Does this mean we are at a unique moment in the life of our galaxy? From Dan Eden: Hi Dan, Galaxies. Individual Galaxies. Milky Way. 'Habitable' planet discovered circling Tau Ceti star | Science. A planet with conditions that could support life orbits a twin neighbour of the sun visible to the naked eye, scientists have revealed. The world is one of five thought to be circling Tau Ceti, a star just 12 light years away that is almost identical to the sun. Astronomers estimate the Tau Ceti planets to be two to six times bigger than Earth. One of them, with five times the Earth's mass, lies in the star's "habitable zone". Also known as the "Goldilocks zone", this is the orbital region that is neither too hot nor too cold to allow liquid surface water and, potentially, life. Details of the discovery are to appear in the journal Astronomy & Astrophysics. Because of the difficulties involved in detecting extra-solar planets, most found so far have had high masses.
Scientists found the planets using a highly sensitive technique that combined data from more than 6,000 observations from three different telescopes. Extragalactic astronomy. Galaxies in the Hubble Deep Field Extragalactic astronomy is the branch of astronomy concerned with objects outside our own Milky Way galaxy. In other words, it is the study of all astronomical objects which are not covered by galactic astronomy, the next level of galactic astronomy.
As instrumentation has improved, more distant objects can now be examined in detail. It is therefore useful to sub-divide this branch into Near-Extragalactic Astronomy and Far-Extragalactic Astronomy. The former deals with objects such as the galaxies of our Local Group, which are close enough to allow very detailed analyses of their contents (e.g. supernova remnants, stellar associations). The latter describes the study of objects sufficiently far away that only the brightest phenomena are observable. Some topics include: References See also Galactic astronomy. Galactic astronomy is the study of our own Milky Way galaxy and all its contents. This is in contrast to extragalactic astronomy, which is the study of everything outside our galaxy, including all other galaxies. Galactic astronomy should not be confused with galaxy formation and evolution, which is the general study of galaxies, their formation, structure, components, dynamics, interactions, and the range of forms they take.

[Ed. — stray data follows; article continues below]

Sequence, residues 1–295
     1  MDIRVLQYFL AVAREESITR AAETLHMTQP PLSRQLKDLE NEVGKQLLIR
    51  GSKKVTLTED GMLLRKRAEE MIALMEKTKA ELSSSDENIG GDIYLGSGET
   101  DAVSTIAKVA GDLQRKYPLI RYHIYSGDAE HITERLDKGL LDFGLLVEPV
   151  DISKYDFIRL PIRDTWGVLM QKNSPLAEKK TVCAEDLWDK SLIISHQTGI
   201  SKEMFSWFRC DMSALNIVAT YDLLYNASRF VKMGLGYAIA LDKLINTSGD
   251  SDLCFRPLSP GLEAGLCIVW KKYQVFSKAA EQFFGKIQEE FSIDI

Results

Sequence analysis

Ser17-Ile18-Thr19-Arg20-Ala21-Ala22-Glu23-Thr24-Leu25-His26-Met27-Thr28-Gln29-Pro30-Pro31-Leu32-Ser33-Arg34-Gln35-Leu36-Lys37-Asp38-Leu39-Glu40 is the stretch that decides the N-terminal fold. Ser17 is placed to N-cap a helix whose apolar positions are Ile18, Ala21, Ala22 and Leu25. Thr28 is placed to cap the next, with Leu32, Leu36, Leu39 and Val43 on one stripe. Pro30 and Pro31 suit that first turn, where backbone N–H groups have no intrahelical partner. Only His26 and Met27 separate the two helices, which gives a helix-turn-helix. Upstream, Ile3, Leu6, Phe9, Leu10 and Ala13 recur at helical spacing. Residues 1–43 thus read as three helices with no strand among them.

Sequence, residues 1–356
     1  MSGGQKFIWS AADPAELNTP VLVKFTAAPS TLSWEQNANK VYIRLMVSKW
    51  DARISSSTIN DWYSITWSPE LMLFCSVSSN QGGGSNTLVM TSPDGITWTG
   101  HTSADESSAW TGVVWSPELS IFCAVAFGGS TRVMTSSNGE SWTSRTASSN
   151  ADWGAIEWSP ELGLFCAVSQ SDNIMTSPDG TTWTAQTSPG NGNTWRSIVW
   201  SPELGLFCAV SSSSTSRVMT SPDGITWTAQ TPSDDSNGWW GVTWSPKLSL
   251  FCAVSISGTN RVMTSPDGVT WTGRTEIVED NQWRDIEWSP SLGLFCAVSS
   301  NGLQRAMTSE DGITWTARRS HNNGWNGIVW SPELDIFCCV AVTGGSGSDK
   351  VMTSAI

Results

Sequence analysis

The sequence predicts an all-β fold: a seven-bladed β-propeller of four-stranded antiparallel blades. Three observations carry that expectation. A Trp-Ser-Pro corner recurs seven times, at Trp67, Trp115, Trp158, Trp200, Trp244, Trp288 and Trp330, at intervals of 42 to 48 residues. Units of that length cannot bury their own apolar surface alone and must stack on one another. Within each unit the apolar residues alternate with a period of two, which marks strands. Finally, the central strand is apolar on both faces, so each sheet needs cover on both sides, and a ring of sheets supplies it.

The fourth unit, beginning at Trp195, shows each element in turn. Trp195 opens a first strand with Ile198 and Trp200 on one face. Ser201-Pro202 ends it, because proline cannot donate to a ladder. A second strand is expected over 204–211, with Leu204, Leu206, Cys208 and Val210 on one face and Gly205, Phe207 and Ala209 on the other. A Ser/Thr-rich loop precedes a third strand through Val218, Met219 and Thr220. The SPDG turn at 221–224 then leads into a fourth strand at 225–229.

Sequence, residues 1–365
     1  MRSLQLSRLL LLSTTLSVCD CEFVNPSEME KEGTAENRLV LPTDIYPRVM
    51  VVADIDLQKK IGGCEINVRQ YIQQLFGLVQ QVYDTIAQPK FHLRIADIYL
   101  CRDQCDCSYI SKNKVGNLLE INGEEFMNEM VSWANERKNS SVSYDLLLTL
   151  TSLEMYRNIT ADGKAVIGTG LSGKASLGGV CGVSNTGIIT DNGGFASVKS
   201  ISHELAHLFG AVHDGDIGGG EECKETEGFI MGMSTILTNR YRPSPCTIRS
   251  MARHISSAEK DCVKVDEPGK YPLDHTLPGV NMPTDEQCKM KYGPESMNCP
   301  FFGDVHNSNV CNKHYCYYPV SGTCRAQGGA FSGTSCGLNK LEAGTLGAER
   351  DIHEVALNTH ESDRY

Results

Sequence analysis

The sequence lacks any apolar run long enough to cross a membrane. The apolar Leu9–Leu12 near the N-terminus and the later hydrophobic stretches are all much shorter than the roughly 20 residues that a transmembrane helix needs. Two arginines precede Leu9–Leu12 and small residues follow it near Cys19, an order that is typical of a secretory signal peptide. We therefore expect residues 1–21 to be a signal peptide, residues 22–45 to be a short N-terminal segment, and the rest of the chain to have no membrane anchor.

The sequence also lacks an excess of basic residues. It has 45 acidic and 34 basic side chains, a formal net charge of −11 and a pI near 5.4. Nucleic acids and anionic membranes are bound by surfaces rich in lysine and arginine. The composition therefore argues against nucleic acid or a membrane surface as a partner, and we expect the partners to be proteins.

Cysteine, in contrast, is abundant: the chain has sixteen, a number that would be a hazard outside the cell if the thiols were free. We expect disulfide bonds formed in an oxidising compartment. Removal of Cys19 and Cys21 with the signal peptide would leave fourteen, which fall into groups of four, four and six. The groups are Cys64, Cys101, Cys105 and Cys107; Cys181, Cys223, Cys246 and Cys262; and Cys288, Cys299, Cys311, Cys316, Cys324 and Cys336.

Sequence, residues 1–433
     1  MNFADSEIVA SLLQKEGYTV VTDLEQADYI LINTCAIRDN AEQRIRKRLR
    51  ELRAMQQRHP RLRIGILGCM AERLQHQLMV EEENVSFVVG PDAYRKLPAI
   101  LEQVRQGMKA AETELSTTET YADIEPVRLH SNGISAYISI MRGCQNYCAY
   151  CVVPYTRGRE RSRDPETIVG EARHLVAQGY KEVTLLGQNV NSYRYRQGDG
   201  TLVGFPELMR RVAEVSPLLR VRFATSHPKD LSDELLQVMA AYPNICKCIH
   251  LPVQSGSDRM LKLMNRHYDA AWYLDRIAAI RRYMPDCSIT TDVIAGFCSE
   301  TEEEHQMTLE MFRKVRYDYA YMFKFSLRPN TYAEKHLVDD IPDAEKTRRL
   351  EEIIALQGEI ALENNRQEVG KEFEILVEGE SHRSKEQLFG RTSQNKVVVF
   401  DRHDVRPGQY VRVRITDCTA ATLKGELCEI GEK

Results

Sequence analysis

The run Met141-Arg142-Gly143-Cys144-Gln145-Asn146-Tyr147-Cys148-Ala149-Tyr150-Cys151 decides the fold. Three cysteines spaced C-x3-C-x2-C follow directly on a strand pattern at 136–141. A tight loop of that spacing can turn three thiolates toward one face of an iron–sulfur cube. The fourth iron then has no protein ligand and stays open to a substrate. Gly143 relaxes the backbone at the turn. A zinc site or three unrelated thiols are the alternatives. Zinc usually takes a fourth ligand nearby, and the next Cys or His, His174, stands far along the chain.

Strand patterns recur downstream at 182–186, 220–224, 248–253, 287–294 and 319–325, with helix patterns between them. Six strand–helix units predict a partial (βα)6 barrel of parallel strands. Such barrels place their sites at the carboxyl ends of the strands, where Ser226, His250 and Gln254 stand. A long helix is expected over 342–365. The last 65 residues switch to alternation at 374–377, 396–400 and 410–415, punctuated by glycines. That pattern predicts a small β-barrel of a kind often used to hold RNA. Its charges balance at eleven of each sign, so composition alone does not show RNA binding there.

Our own Milky Way galaxy, where our Solar System belongs, is in many ways the best studied galaxy, although important parts of it are obscured from view in visible wavelengths by regions of cosmic dust. The development of radio astronomy, infrared astronomy and submillimetre astronomy in the 20th Century allowed the gas and dust of the Milky Way to be mapped for the first time.
Subcategories A standard set of subcategories is used by astronomical journals to split up the subject of Galactic Astronomy: Stellar populations See also Universe's most distant galaxy discovered. Texas A&M University and the University of Texas at Austin may be former football rivals, but the Lone Star State's two research giants have teamed up to detect the most distant spectroscopically confirmed galaxy ever found—one created within 700 million years after the Big Bang. The research is published in the most recent edition of the journal Nature. "It's exciting to know we're the first people in the world to see this," said Vithal Tilvi, a Texas A&M postdoctoral research associate and co-author of the paper, set to be available online after Oct. 24. "It raises interesting questions about the origins and the evolution of the universe. " The paper's lead author is Steven Finkelstein, an assistant professor at the University of Texas at Austin and 2011 Hubble Fellow who previously was a postdoctoral research associate at Texas A&M under the mentorship of Texas A&M astrophysicist Casey Papovich, who is second author as well as current mentor to Tilvi.